This hostility towards prayers (inexplicable to a Catholic, but so typical of the influence of the forces of Hell) may have stayed latent for years, but eventually had to resurface and overflow to other situations as well. When the abuse scandal erupted, threatening to tear the Church apart and hindering its capacity to reach out to the World, the Pope took initiative and issued a Letter to the People of God, asking for prayers and penance from the whole community of the faithful. Later on, the Pope made a rosary call for the same intentions, so that all Catholics would pray a daily rosary throughout the Marian month of October, coupled with a Sub Tuum Praesidium to Our Lady and the prayer of St. Michael Archangel.

This was met with loud criticism from Francis’ critics, which decried these projects as mere “prayers”, with no “action.” So it happened that people who, for years and years, had criticized the idea of the Church as a NGO, completely focused on social action and stripped of its spiritual and eschatological meaning, were now proclaiming loud and clear the primacy of action over prayers. Conservative Catholics who, in other debates would defend the opposite, would now perfectly mirror the liberal arguments minimizing “thoughts and prayers” as an excuse to avoid due action. And apologists who lionized Pope St. Pius V’s rosary call as the reason why Christianity was able to win the heart of Europe in the battle of Lepanto, were suddenly unenthusiastic about rosary calls as a way for the Church to gain victory in a difficult situation.

So there it goes to show that people who defend an idolatric view of tradition, so rigid that even a pastoral approach can’t be changed, end up sacrificing everything that really is fundamental to Catholicism, from papal primacy to the value of prayers.

Instead of heeding the Pope’s call for prayers, those critics preferred to rail around a disgruntled archbishop, who had accused the Pope of mishandling an abuse case, before fleeing to an unknown hiding place, accessible only to favorable media that would not report on the many inconsistencies found in his testimony. From Viganò’s supporters came a vast number of those who criticized the Pope’s call to prayers as “no action.” Why? Because the “action” proposed by Viganò was the Pope’s resignation, something that would delight his critics, since they hope a future pope will come along and “correct” the teachings they disagree with. Even when the resignation plan died out, as a violent wave crashing against the Rock of Peter before disolving, they would keep doubling down on calls to “action” against the lavender mafia, a boogeyman overestimated to undermine Francis’ papacy, whenever he says or does something that doesn’t sit well with his critics.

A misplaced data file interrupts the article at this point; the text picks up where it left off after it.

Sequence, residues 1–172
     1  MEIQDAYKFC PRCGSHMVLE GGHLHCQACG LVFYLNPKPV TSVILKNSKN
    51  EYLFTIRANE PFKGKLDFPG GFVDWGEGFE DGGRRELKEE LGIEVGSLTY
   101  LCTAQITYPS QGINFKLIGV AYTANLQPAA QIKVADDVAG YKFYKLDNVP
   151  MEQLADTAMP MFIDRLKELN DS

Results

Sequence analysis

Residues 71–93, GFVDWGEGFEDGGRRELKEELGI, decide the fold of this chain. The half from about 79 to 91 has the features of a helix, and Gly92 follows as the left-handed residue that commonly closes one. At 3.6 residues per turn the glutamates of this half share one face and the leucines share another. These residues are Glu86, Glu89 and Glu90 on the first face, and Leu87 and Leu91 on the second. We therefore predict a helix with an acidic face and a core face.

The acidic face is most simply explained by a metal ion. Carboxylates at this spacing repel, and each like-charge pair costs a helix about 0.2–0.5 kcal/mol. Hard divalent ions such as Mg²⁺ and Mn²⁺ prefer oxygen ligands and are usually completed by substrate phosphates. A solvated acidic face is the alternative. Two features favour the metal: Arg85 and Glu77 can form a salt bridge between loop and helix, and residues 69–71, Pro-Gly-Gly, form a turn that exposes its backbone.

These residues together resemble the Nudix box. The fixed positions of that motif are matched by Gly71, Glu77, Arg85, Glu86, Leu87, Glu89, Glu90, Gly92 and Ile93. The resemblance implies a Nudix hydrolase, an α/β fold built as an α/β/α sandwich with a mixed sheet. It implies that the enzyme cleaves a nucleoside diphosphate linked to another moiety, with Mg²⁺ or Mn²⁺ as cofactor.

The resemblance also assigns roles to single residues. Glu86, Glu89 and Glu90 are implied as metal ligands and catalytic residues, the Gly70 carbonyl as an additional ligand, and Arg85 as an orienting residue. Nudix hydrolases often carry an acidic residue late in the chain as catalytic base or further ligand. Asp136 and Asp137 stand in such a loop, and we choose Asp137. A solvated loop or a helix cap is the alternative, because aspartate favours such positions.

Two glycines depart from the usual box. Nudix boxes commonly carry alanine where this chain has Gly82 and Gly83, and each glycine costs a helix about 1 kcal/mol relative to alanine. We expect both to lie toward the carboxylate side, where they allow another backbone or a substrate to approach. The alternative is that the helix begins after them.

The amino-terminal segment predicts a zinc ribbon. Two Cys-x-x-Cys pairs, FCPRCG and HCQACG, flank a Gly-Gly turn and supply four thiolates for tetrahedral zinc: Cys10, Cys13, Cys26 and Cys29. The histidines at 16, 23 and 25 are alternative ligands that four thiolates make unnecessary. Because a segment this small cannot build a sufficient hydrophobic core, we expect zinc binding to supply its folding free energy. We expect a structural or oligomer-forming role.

At least the secular NGO’s action, even if stripped of spiritual meaning, tries to emulate (albeit imperfectly) the Church’s praxis. But those who call for “action” and minimize prayers, just to attack the Pope because they don’t like him, have no semblance of Catholicism in their actions. Action in such a grave situation as the abuse scandal can only be preceded by intense prayers and penance if it is to be successful. Sexually abusing the bodily integrity of an image of God, especially children, can only be described as demonic, particularly if carried out by a member of the clergy… and therefore, any action against such heinous crimes can only flounder if the global Church fails to pray on it for guidance on what to do. Claire Navarro has written superbly about this matter and why the Pope’s call for prayers is spot on and necessary.


But can we say that these papal critics do not pray for the Pope? No. They do. Or at least, they say they do. The problem is, they pray on their own terms. In doing so, they eschewed (when not sabotaged through public complaining) the Pope’s call to prayer on such a fundamental topic.

Nevertheless, the Pope’s intentions are a special prayer intention. It is part of our tradition: praying for the Pope’s intentions is one of the three acts one must perform to achieve an indulgence. In contrast, not every personal prayer intention has the same value. For example, praying for someone’s death is not acceptable, nor pleasing to God.